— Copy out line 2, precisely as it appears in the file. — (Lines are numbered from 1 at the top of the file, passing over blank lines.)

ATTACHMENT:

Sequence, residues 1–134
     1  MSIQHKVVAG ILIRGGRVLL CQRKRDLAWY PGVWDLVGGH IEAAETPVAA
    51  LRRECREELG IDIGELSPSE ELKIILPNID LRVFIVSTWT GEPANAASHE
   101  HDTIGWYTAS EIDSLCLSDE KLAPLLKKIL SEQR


     1  MSIQHKVVAG ILIRGGRVLL CQRKRDLAWY PGVWDLVGGH IEAAETPVAA